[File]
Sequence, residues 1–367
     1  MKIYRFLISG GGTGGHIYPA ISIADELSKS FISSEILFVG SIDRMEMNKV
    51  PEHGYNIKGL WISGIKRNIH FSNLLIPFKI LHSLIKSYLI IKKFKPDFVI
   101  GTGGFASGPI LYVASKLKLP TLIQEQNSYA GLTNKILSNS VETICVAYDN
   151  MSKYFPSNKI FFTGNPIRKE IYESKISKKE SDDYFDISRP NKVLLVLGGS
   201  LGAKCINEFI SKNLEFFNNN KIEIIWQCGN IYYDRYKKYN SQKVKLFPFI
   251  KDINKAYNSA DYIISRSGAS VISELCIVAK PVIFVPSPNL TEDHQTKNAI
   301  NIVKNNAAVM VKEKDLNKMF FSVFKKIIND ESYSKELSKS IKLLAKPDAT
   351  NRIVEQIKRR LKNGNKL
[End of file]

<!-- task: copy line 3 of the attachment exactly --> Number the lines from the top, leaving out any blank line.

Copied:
    51  PEHGYNIKGL WISGIKRNIH FSNLLIPFKI LHSLIKSYLI IKKFKPDFVI